One conclusion from this consultation exercise was that passengers traveling from central Scotland to Aberdeen and Inverness much preferred to travel in Virgin Trains East Coast High Speed Trains (HSTs) from London than ScotRail’s Class 170 diesel multiple units (DMUs).

For this reason, the invitation to tender (ITT) document for the ScotRail franchise included a specification for improved rolling stock for Scotland’s internal inter-city services that could have been based on the HST’s mark 3 coach. In its franchise bid, Abellio’s response to this requirement was that it would provide refurbished HSTs on the routes that serve Scotland’s seven cities (Glasgow, Edinburgh, Stirling, Perth, Dundee, Aberdeen and Inverness).

Abellio received the franchise and ScotRail will be getting seventeen 2+5 and nine 2+4 HSTs. This paragraph from the Rail Engineer article gives more details on the trains.

The HSTs will be phased into service from summer 2018, with the full fleet operational for the May 2019 timetable change. This aligns with the completion of Network Rail’s Highland main line journey time improvements project. 54 power cars and 121 coaches will be leased from Angel Trains. These will make up 17 five-coach trains and 9 four- coach trains with two power cars spare. The 2019 timetable will require 23 trains in service each day with five coach sets operating Central Belt to Aberdeen services and the four coach trains generally running to Inverness. The number of through services from Inverness to the Central Belt via Aberdeen will also be increased.

As the first HST has now arrived in Scotland as is reported in the Rail Magazine article, it looks like everything is going to plan.

Politicians and others might say, why are the lines not being electrified or services provided by Class 802 trains.

  • Network Rail’s record on electrification isn’t good.
  • There would probably be opposition to overhead electrification marching all over the Highlands.
  • The lines in the North of Scotland probably have a maximum speed of 100 mph at best.
  • Drivers have forty years of experience of running HSTs to Aberdeen and Inverness.
  • To many of the British, the InterCity 125s are the definitive High Speed Train.

Could there even be a popular feeling behind using the trains, in much the same way people cling to the past in their politics?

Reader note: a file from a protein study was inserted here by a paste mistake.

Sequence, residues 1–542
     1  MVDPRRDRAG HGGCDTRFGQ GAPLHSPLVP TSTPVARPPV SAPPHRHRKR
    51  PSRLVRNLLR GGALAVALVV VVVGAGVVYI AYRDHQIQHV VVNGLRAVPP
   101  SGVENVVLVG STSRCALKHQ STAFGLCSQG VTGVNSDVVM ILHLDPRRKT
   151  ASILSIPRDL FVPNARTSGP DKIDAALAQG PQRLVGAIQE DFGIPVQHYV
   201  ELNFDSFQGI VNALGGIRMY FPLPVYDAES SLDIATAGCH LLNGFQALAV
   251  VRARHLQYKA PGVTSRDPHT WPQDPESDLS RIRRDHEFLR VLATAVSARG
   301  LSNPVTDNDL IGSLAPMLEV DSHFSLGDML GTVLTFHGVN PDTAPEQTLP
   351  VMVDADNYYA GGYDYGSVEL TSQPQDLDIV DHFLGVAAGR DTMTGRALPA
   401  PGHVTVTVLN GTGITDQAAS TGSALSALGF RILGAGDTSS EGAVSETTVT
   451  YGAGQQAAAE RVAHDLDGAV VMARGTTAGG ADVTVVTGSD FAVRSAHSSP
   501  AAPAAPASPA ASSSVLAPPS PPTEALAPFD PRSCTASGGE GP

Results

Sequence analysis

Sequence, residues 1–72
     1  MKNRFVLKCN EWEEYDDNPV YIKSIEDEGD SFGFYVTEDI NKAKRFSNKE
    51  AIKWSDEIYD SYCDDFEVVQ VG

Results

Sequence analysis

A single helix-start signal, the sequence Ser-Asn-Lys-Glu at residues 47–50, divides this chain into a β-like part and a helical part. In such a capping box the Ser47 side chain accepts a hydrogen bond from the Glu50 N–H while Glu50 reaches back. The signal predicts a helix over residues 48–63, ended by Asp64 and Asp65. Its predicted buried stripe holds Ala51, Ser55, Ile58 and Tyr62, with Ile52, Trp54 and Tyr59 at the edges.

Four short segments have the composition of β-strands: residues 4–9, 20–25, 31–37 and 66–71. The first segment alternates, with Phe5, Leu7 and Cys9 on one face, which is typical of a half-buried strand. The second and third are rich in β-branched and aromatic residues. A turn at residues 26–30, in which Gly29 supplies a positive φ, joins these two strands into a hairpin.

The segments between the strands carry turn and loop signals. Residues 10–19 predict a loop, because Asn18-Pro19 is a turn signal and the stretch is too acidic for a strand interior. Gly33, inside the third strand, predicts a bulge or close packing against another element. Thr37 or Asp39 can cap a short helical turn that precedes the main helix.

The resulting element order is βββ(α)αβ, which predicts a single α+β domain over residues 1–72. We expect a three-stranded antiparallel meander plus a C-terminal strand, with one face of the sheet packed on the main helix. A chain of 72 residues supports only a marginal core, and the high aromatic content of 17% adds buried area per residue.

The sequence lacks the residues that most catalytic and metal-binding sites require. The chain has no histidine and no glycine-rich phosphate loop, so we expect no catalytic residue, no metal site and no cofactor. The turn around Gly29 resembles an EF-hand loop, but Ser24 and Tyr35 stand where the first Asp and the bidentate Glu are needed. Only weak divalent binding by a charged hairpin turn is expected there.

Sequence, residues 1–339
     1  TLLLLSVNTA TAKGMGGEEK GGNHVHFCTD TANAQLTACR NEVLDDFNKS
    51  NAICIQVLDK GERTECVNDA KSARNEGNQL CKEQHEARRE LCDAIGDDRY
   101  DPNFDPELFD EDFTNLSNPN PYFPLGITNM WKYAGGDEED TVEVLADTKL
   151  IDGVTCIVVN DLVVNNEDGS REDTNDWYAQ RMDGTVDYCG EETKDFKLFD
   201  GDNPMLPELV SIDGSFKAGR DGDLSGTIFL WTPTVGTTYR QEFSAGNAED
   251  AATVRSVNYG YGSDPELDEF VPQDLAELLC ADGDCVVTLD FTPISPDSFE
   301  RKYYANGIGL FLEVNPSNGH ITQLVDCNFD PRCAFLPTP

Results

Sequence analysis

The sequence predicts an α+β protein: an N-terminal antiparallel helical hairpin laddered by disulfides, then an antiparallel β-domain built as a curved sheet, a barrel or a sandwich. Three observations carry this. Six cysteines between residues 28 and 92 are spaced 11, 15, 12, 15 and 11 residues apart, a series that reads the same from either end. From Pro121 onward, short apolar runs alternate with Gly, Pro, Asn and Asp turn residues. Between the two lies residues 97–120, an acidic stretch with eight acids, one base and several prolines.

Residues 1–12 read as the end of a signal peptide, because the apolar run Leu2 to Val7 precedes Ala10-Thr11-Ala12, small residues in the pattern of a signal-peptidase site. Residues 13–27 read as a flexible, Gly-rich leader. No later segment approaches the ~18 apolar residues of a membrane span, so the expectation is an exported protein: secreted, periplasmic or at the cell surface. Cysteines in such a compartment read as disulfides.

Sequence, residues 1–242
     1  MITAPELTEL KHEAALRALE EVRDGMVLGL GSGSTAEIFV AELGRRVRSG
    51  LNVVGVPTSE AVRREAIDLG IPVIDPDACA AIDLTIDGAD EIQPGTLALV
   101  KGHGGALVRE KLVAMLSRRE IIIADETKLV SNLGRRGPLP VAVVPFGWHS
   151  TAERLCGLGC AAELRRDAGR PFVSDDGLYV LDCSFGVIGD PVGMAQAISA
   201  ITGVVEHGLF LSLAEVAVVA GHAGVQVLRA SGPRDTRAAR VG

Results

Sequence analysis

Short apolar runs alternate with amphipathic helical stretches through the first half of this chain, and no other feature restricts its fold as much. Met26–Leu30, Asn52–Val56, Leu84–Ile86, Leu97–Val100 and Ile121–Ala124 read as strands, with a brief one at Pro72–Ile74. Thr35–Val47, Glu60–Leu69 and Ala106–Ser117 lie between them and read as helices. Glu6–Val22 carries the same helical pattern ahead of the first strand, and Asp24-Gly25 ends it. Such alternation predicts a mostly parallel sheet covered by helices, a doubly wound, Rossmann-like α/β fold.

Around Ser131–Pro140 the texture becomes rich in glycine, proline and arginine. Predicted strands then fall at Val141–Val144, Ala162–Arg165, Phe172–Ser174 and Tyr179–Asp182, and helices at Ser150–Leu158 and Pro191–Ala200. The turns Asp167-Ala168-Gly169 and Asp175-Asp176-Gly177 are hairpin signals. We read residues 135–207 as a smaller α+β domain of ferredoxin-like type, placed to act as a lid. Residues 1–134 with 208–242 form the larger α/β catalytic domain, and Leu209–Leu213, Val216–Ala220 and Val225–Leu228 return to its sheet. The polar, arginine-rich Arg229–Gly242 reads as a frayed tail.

I think it is a sensible plan for the following reasons.

  • A 2+5 shortened set running at less than the 125 mph design speed could be a very sound economic proposition.
  • The trains have large windows for a good view.
  • I’m sure Scotrail will add appropriate catering, on the upwards of two to three hour journeys.
  • These trains could be passenger magnets for business, leisure and tourists, especially from countries like Germany, The Netherlands, Sweden, Canada and the USA.

But above all these Scottish InterCity services must be the Marketing Department’s dream!

September 2, 2017 Posted by | Travel | , , | Leave a comment

Faster Trains For Slower In Scotland

In my analysis of the Kentish routes in Kent On The Cusp Of Change, I wrote a post called Elimination Of Slow Trains.

In the post, I said that the 75 mph Class 465 trains, were slowing services and reducing capacity, based on an article called Kent on the Cusp of Change in the July 2017 Edition of Modern Railways.

I proposed a minimum specification for trains on Kentish routes.

  • 100 mph capability
  • Designed for a fast station stop with minimum dwell-time
  • Regenerative braking
  • Efficient traction motors
  • Wi-fi in all classes
  • The capability to fit boosters for 4G signals.

Southeastern’s Class 465 trains fail on all points.

In Scotland, there is a new batch of Class 385 trains on order to work the new electrified services between Edinburgh and Glasgow.

Under Operation in the Wikipedia entry for the trains, this is said.

The new trains will also operate on the newly electrified Croy, Dunblane and Shotts lines as well as replacing existing stock on the currently electrified Carstairs, North Berwick and Cathcart Circle Lines. This will allow for the replacement of ScotRail’s Class 314 fleet, and allow for the cascading of a number of Class 156, Class 158 and Class 170 units.

The Class 314 trains are even older and less capable than Southeastern’s Class 465 trains.

So what will be effect on services in Scotland, where the Class 385 trains replace the Class 314 trains?

If you look at the North Berwick Line trains between Edinburgh and North Berwick stations take around 33-34 minutes, when run by 100 mph Class 380 trains. Under Rolling Stock in the Wikipedia entry for the North Berwick Line, this is said.

From December 2017, ScotRail services on the North Berwick Line will begin to use new Class 385 units. Services will be formed of six coaches (two 3-car units) following growing passenger numbers (the platform at North Berwick was extended in early 2016 to accommodate these new longer trains). In the short term Class 380/1s (four car) will be removed from the line and two Class 380/0s (three car) used instead until the Summer and back again to four car units until December. Once the new units arrive, The Class 380 units will be cascaded to increase capacity on the Ayrshire and Inverclyde Lines to and from Glasgow making all services on these routes operated by Class 380s.